My three, given the opportunity, will kick their shoes off at any given moment and go barefoot - often at the park, and I let them do it. I've watched as other children follow suit and then get dutifully told off for doing so.
We took a walk on Sunday around Box Hill in Dorking, Surrey - as soon as we reached the grass - off came the shoes.
Earthing means to walk barefoot on any natural surface, be it grass, soil or sand - it's apparently good for you. One of the more obvious benefits of walking barefoot is that we have a connection to the earth and it’s magnetic field. Our body is conductive to the earth and the earth is conductive to our body. The earth is full of negative ions and we flood our body with negative ions by walking barefoot, this is also known as grounding.
We walked the route along the River Mole - the kids got in the freezing water, ran through the grass and walked through the woods towards the stepping stones with no shoes.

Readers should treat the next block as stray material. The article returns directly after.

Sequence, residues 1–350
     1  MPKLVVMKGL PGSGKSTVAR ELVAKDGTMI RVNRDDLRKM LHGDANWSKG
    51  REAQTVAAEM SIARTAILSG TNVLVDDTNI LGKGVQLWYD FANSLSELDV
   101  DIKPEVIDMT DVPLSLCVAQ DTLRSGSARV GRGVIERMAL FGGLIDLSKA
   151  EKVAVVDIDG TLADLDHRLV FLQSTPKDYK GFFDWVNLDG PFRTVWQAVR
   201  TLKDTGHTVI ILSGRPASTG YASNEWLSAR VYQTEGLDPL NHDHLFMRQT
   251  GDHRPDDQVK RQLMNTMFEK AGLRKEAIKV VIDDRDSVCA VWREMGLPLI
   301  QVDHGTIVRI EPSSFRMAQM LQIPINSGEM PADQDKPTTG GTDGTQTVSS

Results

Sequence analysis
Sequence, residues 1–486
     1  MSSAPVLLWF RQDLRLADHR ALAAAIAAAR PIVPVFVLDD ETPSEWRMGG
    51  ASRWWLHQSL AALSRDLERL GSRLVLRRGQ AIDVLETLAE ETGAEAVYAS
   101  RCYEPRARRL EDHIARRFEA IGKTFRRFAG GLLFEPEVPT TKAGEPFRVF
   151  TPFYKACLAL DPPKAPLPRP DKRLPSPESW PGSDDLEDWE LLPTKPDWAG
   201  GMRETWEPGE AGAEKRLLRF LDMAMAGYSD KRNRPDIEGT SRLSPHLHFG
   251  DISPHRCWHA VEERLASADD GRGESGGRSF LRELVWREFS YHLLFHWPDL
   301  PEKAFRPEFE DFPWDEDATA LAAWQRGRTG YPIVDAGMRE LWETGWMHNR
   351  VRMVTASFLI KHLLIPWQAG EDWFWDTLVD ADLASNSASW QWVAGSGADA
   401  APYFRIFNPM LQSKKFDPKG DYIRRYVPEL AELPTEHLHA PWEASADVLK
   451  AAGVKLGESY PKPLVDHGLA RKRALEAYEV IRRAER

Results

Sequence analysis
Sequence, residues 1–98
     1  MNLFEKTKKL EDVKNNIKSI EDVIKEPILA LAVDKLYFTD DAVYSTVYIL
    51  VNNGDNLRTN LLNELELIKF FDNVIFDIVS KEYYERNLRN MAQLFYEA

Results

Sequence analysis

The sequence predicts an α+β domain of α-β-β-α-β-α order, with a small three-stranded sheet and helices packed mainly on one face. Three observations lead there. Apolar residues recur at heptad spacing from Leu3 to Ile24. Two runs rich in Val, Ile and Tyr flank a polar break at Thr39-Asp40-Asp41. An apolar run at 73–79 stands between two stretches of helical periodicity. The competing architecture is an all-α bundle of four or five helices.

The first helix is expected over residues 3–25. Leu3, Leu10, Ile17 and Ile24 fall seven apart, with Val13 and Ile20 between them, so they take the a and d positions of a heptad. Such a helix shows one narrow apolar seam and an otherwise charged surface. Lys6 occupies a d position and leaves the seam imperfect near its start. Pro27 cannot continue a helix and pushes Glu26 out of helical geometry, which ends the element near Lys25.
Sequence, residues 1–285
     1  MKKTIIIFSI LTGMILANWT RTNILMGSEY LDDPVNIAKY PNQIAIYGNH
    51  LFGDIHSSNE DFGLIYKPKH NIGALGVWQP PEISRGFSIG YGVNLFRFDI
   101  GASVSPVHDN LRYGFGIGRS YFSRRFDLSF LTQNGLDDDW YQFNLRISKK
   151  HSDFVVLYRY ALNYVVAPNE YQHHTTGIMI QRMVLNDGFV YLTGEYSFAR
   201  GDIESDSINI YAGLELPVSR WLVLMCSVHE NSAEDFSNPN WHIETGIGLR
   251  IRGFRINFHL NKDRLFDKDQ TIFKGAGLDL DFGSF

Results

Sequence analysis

The stepping stones were busy with tourists waiting to cross - they all seemed amused by the children walking through squelchy mud - then came the obvious question from other curious kids: "Can we take our shoes off and walk in the mud?" - some parents agreed and some immediately said "No!"
I can understand why some parents don't want their kids to get dirty feet, or maybe tread on something sharp in a way - but we were by a river my kids washed their feet and then scraped them dry on the grass.
Throughout history, we’ve always had direct contact with the Earth as part of our day-to-day lives – walking and running barefoot - let the kids do it!
There is a great cafe called Ryka's at the bottom of Box Hill, next to the Burford Bridge Hotel, it is where all the biker's go to meet up. We stopped off for a re-fuel. Box Hill is a lovely picturesque place to go walking.
Do you let your children go barefoot?